Why we love Historic Honolulu Chinatown!

The buzz from Chinatown Upstairs continues! The tour was a great way to showcase a small sampling of the fabulous rehab  projects that exist one flight up (sometimes two) in Chinatown Historic District. The atmosphere in the district continues to vibrate with creativity as more visionary artists, restaurateurs and entrepreneurs find there way into the maze of this incredibly interesting historic locale. We asked several local business owners and entrepreneurs why they love Chinatown. Hear their response in these upbeat video shorts.  Mahalo to Localize Hawaii for creating the videos! PEGGE HOPPER, artist w=500&h=280 CHRIS KAJIOKA, chef, co-owner Senia MAT D'ASCOLI, entrepreneur CELINE CASAMINA, RealOfficeCenters LEE STACK, Chinatown Improvement District

July 18th, 2016|Categories: Blog|

A New Vision for the Waikiki Natatorium

Restored Waikiki Natatorium envisioned by Nov. 11, 2019 By Dominique Times July 4, 2016, Honolulu Star Advertiser The Waikiki Natatorium War Memorial could be restored to its former glory — but with a high-tech touch — by 2019, exactly 100 years after the land was first acquired to construct the site, according to the senior field officer and attorney for the National Trust for Historic Preservation. Honolulu’s Department of Design and Construction hosted a series of meetings over four days last week with nearly 60 interested groups to gather information on the historic aspect of the natatorium’s design and the upcoming environmental impact study. The ocean-water public swimming pool, where local Olympic gold medalist Duke Kahanamoku swam, was built as a memorial to those who served in World War I. Owned but not operated by the state, the site was closed to the public in 1979 due to a lack of upkeep. Brian Turner, a lawyer with the trust, said the site would be a “waste to lose,” and remains optimistic that the pool can be reopened within three years. “We feel like we’ve developed a fresh look at something that’s been a real engineering puzzle,” Turner said. His goal is to have the project completed by the centennial of the armistice, Nov. 11, 2019. For years there have been discussions on the memorial’s future — whether to demolish it, restore it completely or get rid of the pool but keep the facade. The National Trust for Historic Preservation, which placed the natatorium on its 11 most endangered structures list in 1995, submitted a proposal with preliminary drawings to rehabilitate the site, preserving as much of its original look as possible. “We want it [...]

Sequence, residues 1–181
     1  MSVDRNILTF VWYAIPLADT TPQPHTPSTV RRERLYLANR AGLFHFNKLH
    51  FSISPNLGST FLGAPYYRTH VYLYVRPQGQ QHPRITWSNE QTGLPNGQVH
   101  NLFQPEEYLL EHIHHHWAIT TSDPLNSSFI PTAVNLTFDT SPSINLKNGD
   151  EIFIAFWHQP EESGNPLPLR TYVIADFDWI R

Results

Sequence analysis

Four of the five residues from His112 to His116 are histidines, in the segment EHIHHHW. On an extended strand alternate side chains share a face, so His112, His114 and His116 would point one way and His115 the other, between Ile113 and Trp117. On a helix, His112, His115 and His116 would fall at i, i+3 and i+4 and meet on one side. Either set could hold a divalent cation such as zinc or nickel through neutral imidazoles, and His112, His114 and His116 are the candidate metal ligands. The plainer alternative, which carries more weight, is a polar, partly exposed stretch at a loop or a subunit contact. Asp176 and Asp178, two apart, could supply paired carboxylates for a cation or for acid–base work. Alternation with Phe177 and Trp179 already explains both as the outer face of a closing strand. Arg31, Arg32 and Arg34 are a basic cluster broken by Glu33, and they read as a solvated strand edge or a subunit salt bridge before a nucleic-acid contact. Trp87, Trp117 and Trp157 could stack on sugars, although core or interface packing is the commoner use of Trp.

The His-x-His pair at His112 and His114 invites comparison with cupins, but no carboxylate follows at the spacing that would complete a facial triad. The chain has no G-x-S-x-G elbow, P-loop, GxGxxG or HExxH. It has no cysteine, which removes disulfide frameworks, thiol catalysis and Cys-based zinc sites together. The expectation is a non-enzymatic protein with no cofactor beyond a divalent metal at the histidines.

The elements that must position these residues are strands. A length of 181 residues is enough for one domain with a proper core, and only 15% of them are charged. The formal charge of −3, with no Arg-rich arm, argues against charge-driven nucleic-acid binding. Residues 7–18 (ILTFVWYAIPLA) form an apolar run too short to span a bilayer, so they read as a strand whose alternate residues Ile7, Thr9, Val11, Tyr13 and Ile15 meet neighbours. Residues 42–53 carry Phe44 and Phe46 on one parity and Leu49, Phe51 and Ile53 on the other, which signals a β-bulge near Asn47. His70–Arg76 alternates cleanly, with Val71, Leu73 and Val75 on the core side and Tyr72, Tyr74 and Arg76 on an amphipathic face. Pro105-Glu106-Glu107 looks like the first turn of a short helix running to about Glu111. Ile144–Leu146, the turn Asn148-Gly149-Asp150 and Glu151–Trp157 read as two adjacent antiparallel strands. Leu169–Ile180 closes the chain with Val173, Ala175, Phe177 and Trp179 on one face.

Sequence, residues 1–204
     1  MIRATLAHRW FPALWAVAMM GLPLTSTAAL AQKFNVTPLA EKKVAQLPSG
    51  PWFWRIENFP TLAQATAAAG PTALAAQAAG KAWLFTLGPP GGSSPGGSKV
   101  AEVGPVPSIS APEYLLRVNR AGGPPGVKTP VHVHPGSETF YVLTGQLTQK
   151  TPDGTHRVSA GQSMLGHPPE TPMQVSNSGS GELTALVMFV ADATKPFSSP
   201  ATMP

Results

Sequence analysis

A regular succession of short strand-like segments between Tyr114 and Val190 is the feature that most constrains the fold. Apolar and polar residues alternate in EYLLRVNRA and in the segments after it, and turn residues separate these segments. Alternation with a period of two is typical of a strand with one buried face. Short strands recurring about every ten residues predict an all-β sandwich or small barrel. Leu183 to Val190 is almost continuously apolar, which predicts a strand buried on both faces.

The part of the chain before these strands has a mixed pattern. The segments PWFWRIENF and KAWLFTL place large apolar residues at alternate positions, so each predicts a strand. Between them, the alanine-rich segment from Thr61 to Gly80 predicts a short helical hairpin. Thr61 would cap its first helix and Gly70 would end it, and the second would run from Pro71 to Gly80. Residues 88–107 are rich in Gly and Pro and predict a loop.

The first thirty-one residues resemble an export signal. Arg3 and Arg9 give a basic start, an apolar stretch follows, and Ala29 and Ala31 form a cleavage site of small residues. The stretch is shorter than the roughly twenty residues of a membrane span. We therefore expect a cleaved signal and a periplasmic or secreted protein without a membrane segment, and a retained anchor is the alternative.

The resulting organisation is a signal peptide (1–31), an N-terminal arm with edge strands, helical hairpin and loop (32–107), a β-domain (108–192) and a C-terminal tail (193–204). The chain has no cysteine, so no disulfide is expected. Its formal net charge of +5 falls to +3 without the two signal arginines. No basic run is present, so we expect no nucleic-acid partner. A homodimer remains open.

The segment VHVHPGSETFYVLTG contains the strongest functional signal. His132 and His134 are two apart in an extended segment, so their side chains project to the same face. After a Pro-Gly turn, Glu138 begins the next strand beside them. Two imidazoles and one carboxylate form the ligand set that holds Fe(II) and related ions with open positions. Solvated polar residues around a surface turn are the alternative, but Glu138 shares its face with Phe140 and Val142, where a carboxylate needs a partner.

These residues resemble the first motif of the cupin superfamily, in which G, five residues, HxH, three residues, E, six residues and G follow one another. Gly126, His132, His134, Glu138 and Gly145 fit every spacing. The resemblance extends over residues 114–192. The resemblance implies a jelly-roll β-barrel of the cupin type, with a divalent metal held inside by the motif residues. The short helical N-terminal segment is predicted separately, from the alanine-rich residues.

July 5th, 2016|Categories: Blog|

Denby Fawcett: A Rare Chance To Explore Chinatown’s Mysterious Lofts

History is preserved in the apartments and businesses that most people will never see above street level in Honolulu’s Chinatown. Column by Denby Fawcett for "Civil Beat", June 28, 2016 When I walk through Chinatown I often wonder what’s going on upstairs in the historic buildings. Most of the windows are opaque or covered with curtains, making the upper levels seem even more mysterious. “Everyone knows about Chinatown shops and businesses on the street level. But very few are aware of the revitalization going on upstairs,” says Kiersten Faulkner. Faulkner is the executive director of the Historic Hawaii Foundation. On Thursday, Historic Hawaii Foundation and the Chinatown Improvement District co-sponsored a fundraiser tour for 80 people to visit businesses and residential lofts tucked away on Chinatown’s upper floors. The tour started at The Tchin Tchin! Bar, a Chinatown upstairs cocktail lounge, for drinks and pupus before participants took off in groups of 20 to walk to four upstairs sites. “People love to explore. Our goal was to appeal to people’s sense of discovery and show off some of the urban revitalization they might not realize is happening in their own backyard,” says Faulkner. My friend Jim Waddington says, “We were wowed by what we saw. In the past I had always assumed that the upper stories of most buildings in Chinatown were dusty storage areas. It was exciting to see these upper floors converted into collaborative workspaces, small apartments, and trendy bars.” Pegge Hopper’s loft space above her gallery comes complete with a diving mannequin. Cory Lum/Civil BeatHistory is preserved in the apartments and businesses that most people will never see above street level in Honolulu’s Chinatown. Attorney Jeff Portnoy, who was in my group, says, [...]

June 29th, 2016|Categories: Blog|

Hanapepe’s Entrepreneurial Past

This small town's history is present and relevant today By Kristen Pedersen We know Kauai for its incredible natural scenery, dense rainforests, and dramatic ocean cliffs. It has been the location for several Hollywood movies and television series, and is a popular destination for hiking and exploring. But, there is also a slice of history, alive and well,  in the small town of Hanapepe, that warrants attention. Hanapepe, a quiet town on Kauai's south shore, is off the Kaumualii Highway, about 16 miles southwest of Lihue. With a population of just 2700, there may be as many free-range chickens on the streets as there are human residents. The lush Hanapepe Valley was home to native Hawaiians for centuries before Captain Cook arrived in 1778. Many crops were grown in the area, including banana, sugar cane, taro, and sweet potatoes. By the 1880’s, the sugar industry was flourishing in Hawaii, bringing Chinese, Japanese and Filipino immigrants to the islands. While most stores and towns on Kauai were built by the sugar plantation owners, Hanapepe was largely built by entrepreneurial immigrants. Many workers who retired from the sugar plantations came to Hanapepe to grow taro, rice, or begin small farms or businesses to serve the local community. Historical Hanapepe. Photo courtesy of In addition to agricultural businesses, the military also played a large role in the history and development of Hanapepe. From World War I to the 1950’s, Hanapepe’s Port Allen was a port of call for the US Navy and, subsequently, became one of the biggest towns on Kauai. The Navy no longer docks at Port Allen, but tour boats come and go on their routes up and down the Na Pali coast. There [...]